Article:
[GLOBAL EYE]A new Russian strategyBeware of the Kremlin in winter. It is a maxim that Russian specialists keep in mind. We can easily find examples in recent history of explosive news from the Kremlin that shook the world at the end of the year.
In December, 1991, the world was celebrating Christmas and the New Year. However, Mikhail Gorbachev, the president of the Soviet Union, announced his resignation on the 25th and the news put the world into turmoil. In December, 1999, while the world was anticipating the beginning of a new millennium and panicking over the Y2K problem at the same time, Boris Yeltsin made a sudden resignation speech. The news hit the world on the night of New Year’s Eve. On December 31, 2005, Gazprom, the Russian state monopoly, announced that it would cut off its natural gas supply to the Ukraine.
The three incidents in 1991, 1999 and 2005 all have historic meanings. Having fulfilled the missions demanded of them by the times, Mr. Gorbachev and Mr. Yeltsin made resolute decisions to eliminate the uncertainty of Russia and the world by stepping down from the presidency. Russia was a military superpower with a nuclear arsenal and a fledgling democracy, and as the political leadership of Russia was shaky and the uncertainty over the future of Russia and the world gradually increasing, the two leaders made the decision not to go against the flow of the times.
The decisions befitted the Russians, whom Nikolai Berdyaev called an apocalyptic people. I was covering the historical events at the scene as a correspondent in Russia, and countless Russian intellectuals repeatedly used the phrase “apocalyptic choice.”
However, the incident in 2005 is different from the resignations of the two Russian leaders. It is an event illustrating a rupture in international politics where energy flow is once again interrupted for a political reason as in the 1973 oil shock, and it will aggravate political and economic uncertainties. Especially, the gas supply cut coincided with the weakening of Washington’s influence over the Organization of Petroleum Exporting Countries (OPEC).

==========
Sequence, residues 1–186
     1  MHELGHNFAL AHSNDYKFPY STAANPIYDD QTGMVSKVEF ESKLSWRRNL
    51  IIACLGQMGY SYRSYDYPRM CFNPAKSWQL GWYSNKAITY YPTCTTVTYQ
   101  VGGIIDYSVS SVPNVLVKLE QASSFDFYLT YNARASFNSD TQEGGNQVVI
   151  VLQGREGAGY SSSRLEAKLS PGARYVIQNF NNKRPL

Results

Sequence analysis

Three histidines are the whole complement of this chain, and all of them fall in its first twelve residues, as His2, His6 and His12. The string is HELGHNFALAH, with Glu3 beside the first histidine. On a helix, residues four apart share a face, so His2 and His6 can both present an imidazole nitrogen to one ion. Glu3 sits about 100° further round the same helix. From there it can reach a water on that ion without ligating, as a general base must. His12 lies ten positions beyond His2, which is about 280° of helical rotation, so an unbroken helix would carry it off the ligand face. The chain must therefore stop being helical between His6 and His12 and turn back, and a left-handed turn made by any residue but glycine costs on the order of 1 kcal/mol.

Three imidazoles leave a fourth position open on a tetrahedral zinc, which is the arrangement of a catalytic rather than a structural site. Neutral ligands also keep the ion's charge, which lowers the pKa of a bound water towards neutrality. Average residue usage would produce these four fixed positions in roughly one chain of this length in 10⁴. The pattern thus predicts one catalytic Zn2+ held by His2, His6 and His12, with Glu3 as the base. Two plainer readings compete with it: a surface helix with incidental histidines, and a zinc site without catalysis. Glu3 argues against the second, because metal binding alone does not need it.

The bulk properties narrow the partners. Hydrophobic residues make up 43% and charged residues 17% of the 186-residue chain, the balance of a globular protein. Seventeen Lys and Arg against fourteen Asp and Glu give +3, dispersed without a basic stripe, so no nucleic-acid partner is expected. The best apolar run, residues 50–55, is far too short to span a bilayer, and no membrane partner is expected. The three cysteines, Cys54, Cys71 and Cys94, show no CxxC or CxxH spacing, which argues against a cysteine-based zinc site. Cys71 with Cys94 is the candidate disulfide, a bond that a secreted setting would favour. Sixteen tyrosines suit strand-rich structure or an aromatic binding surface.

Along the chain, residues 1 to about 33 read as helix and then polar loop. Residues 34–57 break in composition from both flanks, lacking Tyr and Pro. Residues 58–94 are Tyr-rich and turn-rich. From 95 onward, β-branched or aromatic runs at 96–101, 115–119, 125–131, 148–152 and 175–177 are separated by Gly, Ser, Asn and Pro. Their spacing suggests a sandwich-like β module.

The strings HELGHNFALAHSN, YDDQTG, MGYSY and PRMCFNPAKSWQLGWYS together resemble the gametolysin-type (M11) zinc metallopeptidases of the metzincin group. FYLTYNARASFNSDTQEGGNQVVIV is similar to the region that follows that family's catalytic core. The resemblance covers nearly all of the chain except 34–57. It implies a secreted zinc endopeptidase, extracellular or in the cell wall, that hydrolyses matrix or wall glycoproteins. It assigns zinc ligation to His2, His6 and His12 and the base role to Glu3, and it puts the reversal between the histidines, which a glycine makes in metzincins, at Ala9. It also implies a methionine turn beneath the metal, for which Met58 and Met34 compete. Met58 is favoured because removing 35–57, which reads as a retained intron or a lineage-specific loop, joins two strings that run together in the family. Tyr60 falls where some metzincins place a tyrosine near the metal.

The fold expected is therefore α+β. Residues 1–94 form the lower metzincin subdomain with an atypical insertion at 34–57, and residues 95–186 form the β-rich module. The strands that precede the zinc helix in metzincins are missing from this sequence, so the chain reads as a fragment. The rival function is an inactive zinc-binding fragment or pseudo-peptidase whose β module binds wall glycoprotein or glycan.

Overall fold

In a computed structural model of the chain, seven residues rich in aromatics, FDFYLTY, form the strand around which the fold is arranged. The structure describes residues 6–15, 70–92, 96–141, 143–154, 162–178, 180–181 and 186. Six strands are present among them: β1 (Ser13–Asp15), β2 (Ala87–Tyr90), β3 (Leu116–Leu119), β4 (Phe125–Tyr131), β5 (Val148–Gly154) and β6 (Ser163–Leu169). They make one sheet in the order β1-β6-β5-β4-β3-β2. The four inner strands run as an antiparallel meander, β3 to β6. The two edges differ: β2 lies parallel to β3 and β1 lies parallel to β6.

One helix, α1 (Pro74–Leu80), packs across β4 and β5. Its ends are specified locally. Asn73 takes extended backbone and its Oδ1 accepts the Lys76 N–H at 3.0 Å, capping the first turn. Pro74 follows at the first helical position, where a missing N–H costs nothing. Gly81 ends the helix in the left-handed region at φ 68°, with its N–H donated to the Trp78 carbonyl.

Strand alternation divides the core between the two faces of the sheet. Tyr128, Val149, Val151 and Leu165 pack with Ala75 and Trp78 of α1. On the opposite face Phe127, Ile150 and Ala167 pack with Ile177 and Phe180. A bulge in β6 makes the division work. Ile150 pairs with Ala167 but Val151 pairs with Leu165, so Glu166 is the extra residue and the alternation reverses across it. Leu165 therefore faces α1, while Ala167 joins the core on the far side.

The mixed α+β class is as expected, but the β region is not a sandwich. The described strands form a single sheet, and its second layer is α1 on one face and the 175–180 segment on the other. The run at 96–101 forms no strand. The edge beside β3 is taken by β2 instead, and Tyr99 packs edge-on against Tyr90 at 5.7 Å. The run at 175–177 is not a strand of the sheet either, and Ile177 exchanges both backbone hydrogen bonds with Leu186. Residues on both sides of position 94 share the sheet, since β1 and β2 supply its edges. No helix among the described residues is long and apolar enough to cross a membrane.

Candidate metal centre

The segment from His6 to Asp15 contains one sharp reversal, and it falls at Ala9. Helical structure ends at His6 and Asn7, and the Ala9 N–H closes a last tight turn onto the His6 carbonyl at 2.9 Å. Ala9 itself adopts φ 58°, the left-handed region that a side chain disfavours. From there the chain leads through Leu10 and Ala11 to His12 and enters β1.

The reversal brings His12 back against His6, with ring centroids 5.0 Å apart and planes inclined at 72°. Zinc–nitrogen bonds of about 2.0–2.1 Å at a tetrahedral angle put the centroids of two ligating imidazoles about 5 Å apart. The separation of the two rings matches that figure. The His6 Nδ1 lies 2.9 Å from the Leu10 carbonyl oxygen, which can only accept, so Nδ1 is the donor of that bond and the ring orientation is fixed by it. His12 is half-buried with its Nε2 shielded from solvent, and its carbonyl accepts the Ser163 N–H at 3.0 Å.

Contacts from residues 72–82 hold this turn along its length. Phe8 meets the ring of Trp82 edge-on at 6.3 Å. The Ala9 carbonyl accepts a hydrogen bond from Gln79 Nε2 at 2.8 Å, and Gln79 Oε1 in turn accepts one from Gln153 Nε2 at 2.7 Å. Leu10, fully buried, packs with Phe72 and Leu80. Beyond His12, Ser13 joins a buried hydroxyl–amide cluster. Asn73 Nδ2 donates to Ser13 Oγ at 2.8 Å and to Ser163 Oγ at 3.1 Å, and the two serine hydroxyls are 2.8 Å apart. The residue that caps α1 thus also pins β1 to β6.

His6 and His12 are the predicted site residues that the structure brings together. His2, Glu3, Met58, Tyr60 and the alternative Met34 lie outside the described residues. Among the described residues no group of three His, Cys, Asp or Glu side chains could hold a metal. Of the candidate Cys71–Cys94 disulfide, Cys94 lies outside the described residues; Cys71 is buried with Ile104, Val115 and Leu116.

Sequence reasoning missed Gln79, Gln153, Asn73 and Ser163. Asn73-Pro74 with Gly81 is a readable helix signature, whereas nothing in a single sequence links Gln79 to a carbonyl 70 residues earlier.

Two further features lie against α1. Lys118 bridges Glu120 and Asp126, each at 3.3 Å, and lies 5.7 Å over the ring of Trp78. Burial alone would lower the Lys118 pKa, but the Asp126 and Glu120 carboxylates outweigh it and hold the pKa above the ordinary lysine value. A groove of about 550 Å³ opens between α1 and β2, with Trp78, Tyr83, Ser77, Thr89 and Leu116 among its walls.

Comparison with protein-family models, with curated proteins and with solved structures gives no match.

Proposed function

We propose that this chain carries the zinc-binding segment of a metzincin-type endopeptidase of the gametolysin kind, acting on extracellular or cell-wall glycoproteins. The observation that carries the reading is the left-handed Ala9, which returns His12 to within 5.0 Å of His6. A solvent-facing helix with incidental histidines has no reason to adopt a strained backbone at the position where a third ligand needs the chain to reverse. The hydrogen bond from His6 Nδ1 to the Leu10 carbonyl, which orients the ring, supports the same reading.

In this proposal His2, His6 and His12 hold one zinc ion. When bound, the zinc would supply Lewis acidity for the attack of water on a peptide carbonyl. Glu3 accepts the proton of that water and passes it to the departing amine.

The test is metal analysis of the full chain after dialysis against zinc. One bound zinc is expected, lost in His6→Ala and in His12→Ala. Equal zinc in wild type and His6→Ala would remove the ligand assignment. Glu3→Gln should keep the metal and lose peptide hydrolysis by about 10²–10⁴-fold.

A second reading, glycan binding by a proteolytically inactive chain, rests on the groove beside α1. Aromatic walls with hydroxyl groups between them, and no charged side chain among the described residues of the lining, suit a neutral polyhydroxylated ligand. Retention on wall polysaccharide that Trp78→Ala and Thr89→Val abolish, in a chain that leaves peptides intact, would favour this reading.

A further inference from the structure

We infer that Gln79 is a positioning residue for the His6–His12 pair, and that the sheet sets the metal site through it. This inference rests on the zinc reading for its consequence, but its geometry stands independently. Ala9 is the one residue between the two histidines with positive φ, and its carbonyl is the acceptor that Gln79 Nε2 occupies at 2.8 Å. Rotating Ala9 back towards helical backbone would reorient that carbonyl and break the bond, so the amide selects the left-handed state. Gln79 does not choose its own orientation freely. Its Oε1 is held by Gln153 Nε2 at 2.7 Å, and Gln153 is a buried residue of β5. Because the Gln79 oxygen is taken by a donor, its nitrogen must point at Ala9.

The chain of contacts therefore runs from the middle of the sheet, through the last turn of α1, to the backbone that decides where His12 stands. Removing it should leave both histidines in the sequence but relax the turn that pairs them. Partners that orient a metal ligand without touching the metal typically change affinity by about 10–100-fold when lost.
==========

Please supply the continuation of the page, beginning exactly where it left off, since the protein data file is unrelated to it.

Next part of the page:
The interruption of the natural gas supply to the Ukraine is not surprising. It is a result of the “Saudi Arabia plus alpha” strategy, which Russia has been studying as the interests and importance of energy security increased after the 9/11 terror attacks. As Russia fought the Chechen War, Moscow was enraged by the double standards of the West’s criticism of its human rights violations. Therefore, Russia has been studying how Saudi Arabia, which is the largest energy provider in the world but also an undemocratic nation suppressing the human rights of its people, has been able to silence western criticism and exploit energy as a power in international politics.
Of course, unlike Saudi Arabia, Russia is a nation of diplomacy, culture and nuclear power. Geopolitically, it is located in a position where it can exert influence over both Asia and Europe. Therefore, Moscow has been seeking a new tactical plan surpassing Saudi Arabia’s strategy.
In 2006, Russia takes over the chairmanship of the G8. On December 31, Russian President Vladimir Putin had a telephone summit meeting with Chinese President Hu Jintao and agreed to enhance the strategic cooperation between the two giants of Eurasia. And on its first day as G8 chairman, Moscow cut off the gas supply to the Ukraine. Of course, Russia could boast of its energy power with the decision. However, Russia’s international confidence is likely to decline just as the handling of the post-September 11 situation damaged the reputation of the United State.
Russia recently invited Gerhard Schroeder, the former Chancellor of Germany, to head a company constructing a sea-route gas pipeline to Germany, detouring the Ukraine. Moscow also asked Donald Evans, the former U.S. Secretary of Commerce and a close friend of President George W. Bush, to head the state-owned oil company Rosneft, but Mr. Evans turned down the offer. Gazprom is trying to advance into the U.S. market by acquiring an American gas retail company. Russia also wants to establish an organization of natural gas exporters. This winter, the Kremlin is simultaneously promoting a strategy that combines market forces and domestic politics with energy and international politics.
Fifteen years since the end of the Cold War, Russia’s decision to cut off the gas supply to the Ukraine is an experiment with a new strategy, showing off its renewed power to Europe and the world. The event is also very meaningful for Northeast Asia, where Russia’s energy influence is expected to grow.
* The writer is an editorial writer of the JoongAng Ilbo.
by Kim Seok-hwan